For some, it may seem a little harder than usual this year to keep in mind the real meaning of this season. Events have been clamorous - ranging from the unusual, a military operation against Iraq, to the virtually unheard-of, the impeachment of an American president.
Meanwhile, the background din of holiday commercialization is as loud as ever. As E.B. White once remarked, "To perceive Christmas through its wrapping becomes more difficult with every year."
But never has that perception been more needed. The fundamental message of Christmas speaks directly to humanity's need at this hour. That message of hope and healing can silence the clamor of conflict and crassness by force of its sheer relevance.
In December 1905, the founder of the Monitor, Mary Baker Eddy, wrote an article on the significance of Christmas for the New York World, a newspaper of that day. In it, she observed: "The basis of Christmas is love loving its enemies, returning good for evil, love that 'suffereth long and is kind.' "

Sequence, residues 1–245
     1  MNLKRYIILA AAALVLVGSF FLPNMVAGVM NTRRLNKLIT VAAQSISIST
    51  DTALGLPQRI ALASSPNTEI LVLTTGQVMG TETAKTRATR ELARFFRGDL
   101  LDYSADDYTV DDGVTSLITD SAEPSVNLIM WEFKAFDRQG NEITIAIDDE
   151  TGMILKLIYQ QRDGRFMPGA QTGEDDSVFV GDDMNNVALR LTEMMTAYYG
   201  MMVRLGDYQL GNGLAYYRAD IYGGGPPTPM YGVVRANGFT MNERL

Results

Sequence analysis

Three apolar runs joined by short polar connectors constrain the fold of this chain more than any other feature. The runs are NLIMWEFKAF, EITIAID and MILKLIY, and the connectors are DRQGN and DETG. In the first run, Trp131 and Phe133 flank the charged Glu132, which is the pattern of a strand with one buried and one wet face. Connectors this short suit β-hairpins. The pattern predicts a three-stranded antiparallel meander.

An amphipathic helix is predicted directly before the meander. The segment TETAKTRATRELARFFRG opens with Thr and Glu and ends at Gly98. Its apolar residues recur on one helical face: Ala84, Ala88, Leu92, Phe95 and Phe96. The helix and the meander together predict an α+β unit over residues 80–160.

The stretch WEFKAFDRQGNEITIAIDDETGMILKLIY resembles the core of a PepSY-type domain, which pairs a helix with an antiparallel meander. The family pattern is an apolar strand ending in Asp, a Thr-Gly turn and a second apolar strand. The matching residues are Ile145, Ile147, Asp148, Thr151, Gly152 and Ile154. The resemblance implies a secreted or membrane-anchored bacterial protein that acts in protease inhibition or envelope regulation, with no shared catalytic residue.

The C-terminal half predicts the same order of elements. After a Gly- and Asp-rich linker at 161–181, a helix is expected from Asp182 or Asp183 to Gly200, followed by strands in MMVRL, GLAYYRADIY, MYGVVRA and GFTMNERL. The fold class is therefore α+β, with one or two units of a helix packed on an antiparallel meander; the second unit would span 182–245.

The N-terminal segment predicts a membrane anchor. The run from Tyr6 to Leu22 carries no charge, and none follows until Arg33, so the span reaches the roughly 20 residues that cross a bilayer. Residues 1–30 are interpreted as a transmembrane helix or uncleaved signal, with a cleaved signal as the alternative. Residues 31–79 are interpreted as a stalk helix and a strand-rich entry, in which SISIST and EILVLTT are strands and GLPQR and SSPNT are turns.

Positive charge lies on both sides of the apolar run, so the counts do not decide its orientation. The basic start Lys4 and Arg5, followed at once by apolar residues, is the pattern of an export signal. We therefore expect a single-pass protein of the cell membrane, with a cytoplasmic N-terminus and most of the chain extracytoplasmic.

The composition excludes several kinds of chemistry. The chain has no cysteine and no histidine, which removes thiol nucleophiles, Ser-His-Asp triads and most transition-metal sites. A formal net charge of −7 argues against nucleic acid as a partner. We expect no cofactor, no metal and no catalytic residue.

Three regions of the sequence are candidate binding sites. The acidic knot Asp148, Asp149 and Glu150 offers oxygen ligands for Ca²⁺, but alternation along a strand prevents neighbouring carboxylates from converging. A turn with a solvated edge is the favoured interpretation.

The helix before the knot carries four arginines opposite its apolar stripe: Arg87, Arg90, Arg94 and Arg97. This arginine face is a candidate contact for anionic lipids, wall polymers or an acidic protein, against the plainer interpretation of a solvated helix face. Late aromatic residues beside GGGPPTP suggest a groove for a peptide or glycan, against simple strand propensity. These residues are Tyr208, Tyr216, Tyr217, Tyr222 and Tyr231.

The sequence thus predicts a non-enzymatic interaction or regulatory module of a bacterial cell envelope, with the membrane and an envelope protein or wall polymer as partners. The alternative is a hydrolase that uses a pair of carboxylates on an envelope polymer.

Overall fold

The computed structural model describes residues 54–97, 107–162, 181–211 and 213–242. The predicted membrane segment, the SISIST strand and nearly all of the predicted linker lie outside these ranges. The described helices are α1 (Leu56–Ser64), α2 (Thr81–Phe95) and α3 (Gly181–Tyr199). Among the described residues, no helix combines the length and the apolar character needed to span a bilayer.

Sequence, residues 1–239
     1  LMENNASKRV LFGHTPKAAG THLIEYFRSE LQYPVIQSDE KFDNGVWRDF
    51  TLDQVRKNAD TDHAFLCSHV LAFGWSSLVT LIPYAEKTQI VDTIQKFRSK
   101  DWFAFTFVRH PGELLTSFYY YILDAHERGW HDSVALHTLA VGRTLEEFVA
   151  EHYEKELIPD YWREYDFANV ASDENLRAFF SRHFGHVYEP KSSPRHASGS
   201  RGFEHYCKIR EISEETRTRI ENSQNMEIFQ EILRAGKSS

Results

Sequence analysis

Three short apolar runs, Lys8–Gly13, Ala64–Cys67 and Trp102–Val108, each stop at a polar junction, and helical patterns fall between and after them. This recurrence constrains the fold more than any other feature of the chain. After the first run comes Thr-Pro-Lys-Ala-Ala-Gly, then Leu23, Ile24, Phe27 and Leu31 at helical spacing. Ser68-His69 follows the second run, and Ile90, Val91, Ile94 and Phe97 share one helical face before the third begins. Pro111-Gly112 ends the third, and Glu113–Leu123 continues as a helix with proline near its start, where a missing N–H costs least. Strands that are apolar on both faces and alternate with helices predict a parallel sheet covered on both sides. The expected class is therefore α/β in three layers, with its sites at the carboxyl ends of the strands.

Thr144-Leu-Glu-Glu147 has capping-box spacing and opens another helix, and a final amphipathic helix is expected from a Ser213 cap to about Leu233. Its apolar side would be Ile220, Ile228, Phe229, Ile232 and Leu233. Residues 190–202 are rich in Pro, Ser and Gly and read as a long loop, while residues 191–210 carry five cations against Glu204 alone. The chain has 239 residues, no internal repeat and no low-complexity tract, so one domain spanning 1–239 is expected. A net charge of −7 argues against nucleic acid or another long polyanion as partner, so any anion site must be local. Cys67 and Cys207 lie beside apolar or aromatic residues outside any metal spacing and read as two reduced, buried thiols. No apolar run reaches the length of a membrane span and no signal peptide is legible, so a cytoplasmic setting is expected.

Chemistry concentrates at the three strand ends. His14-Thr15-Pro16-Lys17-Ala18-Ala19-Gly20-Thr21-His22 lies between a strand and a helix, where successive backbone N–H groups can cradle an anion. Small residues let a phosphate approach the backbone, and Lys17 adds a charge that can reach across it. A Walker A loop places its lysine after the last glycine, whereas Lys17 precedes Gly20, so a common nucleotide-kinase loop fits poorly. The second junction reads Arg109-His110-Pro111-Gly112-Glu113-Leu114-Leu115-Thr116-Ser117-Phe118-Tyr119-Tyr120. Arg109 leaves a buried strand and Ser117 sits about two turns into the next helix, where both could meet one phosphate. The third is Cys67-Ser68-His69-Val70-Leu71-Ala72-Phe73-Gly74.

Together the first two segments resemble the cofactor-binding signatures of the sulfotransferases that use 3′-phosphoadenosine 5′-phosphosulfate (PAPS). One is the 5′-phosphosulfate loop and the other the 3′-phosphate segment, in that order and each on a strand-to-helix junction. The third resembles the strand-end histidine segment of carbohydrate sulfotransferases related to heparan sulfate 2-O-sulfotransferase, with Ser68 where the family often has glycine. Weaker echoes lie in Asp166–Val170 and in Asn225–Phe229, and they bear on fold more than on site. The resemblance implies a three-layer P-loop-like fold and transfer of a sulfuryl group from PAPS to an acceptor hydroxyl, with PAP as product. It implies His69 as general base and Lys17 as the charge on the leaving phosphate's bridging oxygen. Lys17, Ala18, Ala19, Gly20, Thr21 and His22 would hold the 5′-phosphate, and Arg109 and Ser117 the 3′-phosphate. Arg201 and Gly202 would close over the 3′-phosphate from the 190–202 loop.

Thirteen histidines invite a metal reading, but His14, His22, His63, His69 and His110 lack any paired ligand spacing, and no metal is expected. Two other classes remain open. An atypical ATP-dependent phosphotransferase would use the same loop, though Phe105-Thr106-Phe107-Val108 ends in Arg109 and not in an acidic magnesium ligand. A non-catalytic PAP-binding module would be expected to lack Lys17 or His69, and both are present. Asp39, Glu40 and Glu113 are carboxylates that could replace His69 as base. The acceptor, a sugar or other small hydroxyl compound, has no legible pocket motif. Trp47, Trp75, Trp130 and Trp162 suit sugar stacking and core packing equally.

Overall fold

Kindness, forgiveness, and patience sometimes seem far removed from the world's controversy and conflict. And yet they're actually at hand. That's the enduring promise of Christmas. Much is being said about the poison of hatred in American politics. Much is said about unbridgeable differences between Israelis and Arabs, Serbs and Albanians, Iraqis and the Western world. But the fresh year ahead doesn't have to be a rehearsal of rancor and divisiveness.
This is the moment, right now, for political leaders and citizens everywhere to do their part to see that doesn't happen. And this season of spiritual renewal - the messages of Christmas, Ramadan, Hanukkah - can immeasurably help in that effort. Reconciliation and accomplishment can mark the new year, and this paper and this page will be exploring practical steps toward that end as 1999 begins and progresses.